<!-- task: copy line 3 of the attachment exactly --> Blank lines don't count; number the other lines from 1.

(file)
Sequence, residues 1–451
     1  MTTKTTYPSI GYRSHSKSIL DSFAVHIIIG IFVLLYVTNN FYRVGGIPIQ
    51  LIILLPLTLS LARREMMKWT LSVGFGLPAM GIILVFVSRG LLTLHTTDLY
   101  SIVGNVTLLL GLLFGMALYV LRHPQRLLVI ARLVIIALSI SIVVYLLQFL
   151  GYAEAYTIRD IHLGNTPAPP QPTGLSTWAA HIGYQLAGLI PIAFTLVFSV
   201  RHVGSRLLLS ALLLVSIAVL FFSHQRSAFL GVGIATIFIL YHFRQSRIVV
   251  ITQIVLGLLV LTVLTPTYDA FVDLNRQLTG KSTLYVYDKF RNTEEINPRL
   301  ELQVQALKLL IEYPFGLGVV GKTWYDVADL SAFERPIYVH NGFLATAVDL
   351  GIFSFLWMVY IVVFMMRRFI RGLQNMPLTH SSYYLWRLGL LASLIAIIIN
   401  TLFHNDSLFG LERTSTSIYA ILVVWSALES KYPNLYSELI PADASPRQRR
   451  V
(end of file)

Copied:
    51  LIILLPLTLS LARREMMKWT LSVGFGLPAM GIILVFVSRG LLTLHTTDLY